The Durham-Orange light rail transit project has pushed through from what appeared to be the project’s elimination to an uncertain but possible future.
State legislators originally revised the state budget to require funding from the federal government for the project before acquiring state funding, an impossible request as the federal grant program requires state and local funding to be acquired first.
With a bill passed June 13, the light rail project has a chance if it can obtain around $100 million in private funding by April and then $1.2 billion in federal funding by November 2019.
“It's going to be a challenge, but it's certainly not impossible,” Sen. Mike Woodard, D-Durham, said. “Given the support this project has had so blatantly, I feel good about our chance of doing it. It's going to mean a lot of work and GoTriangle officials and other elected officials are really going to work really, really hard, and we're going to have to come to the business community and private supporters and really press them hard for their support now.”
The most urgent deadline comes in August when the Federal Transit Administration (FTA) will ask for a preliminary reporting on where GoTriangle will find the $59 million needed for approval, Orange County Commissioner Penny Rich said. Rich said she hopes the state can receive this money through private funding.
“There's nothing that's cheap about public transportation,” Rich said. “This blow has kind of taken us all back to the drawing board to see how we can figure this out.”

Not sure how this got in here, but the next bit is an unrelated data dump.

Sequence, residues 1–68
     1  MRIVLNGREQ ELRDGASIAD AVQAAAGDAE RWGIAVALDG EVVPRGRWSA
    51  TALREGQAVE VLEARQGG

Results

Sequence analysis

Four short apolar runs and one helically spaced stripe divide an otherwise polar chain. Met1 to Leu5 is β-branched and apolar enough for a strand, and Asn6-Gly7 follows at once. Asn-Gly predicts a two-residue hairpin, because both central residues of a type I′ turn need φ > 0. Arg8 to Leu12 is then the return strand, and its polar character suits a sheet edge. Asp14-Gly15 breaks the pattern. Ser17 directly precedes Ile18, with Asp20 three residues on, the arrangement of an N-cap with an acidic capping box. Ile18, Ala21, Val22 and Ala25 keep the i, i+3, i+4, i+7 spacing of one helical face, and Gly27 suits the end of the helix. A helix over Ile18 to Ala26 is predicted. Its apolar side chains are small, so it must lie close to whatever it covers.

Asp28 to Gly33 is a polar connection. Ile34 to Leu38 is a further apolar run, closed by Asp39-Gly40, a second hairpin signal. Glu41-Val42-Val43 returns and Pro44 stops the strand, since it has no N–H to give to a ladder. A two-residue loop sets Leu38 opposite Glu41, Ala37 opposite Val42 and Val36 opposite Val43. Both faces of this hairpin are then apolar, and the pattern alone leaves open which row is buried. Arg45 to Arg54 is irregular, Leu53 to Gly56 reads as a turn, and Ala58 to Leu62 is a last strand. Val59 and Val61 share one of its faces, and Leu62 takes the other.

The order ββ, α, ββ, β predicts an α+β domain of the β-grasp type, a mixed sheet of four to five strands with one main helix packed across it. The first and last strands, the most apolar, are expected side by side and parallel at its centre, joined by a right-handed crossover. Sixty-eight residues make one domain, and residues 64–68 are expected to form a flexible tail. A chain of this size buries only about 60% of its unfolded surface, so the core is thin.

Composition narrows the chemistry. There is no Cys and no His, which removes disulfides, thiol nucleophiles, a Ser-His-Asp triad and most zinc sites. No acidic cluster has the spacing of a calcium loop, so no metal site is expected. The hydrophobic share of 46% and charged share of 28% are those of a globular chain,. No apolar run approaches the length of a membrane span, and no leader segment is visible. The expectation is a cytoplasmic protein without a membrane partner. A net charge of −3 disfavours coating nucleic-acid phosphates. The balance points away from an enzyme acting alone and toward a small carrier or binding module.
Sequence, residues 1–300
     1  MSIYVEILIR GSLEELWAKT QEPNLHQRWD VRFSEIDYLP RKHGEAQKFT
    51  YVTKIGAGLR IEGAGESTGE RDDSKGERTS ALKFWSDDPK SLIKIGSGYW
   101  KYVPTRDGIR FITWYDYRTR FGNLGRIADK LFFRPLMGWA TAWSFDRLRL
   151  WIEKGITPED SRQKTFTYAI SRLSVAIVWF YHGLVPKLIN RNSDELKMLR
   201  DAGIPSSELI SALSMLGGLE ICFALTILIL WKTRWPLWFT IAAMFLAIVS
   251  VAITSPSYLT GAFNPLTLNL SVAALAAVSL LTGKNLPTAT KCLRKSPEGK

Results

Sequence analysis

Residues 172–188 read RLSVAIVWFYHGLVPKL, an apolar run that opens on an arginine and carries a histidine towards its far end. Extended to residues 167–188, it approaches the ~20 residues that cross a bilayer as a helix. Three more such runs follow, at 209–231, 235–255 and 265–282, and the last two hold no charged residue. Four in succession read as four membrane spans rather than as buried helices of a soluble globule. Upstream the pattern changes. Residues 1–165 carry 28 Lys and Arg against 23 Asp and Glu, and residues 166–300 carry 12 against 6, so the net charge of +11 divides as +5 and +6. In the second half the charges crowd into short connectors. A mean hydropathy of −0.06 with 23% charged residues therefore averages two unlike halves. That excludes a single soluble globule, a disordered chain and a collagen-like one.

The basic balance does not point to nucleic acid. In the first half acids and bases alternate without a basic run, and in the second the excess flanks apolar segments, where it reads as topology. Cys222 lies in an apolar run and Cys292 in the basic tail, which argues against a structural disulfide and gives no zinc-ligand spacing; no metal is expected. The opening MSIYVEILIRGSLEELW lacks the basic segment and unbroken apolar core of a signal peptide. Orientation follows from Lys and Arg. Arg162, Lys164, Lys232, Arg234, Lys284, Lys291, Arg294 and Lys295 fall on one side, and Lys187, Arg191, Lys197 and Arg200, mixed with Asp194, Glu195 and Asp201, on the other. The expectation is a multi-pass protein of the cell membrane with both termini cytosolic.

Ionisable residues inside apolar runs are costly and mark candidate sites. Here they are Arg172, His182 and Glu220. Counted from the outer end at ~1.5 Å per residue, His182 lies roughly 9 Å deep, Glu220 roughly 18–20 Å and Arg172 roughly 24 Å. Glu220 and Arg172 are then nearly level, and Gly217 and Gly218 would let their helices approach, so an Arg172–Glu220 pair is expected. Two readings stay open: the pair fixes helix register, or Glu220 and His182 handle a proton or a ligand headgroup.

Orange County Commissioner Mark Marcoplos said the original state budget wording that prevented the light rail from receiving funding came from only a few state representatives, including NC Senate Leader Phil Berger and NC House Speaker Tim Moore.
“This is a democracy that is broken when a couple of people in a room can have such an impact on a regional project like this,” Marcoplos said. “Once this all came to a boil, people started talking to (Berger and Moore). They had strong political backers, big funders of theirs calling them up and questioning them on why were they going to do this crazy thing, why were they going to undermine this project when it would mean so much in economic development for the region and for the state.”
Rich said the light rail will provide 2,000 new jobs and attract major companies.
“We know that developers want this,” Rich said. “We know that folks like Amazon and Apple will not come to an area, a region, unless there is adequate public transportation.”
Rich and Marcoplos said the Orange County Board of Commissioners made a commitment that Orange County’s contribution to the project is limited at $149.5 million.
“A lot of people in Orange County are saying, well now they're going to go raise our taxes and take money from us for this project,” Marcoplos said. “That's just not the case. Whatever fix comes along to keep the project move forward will not come from Orange County taxpayers."
The light rail project was conceived over 20 years ago, Woodard said. Proponents of the project believe that by linking the major employers in Orange and Durham counties, the employment bases will stabilize, commute times will diminish and low-income residents will benefit.
If the project does not obtain the funding it needs by the deadlines, the collected taxes for the project would still go towards transit planning but likely towards bus rapid transit, which would require dedicated bus lanes and a reevaluation of the comprehensive transit plan, Rich said.
“Without light rail, then we would have to go back to the drawing board to figure out what we could do to particularly alleviate I-40 or 15-501 corridor that link UNC Hospitals and campus, Duke Hospital and campus and downtown Durham,” Woodard said.
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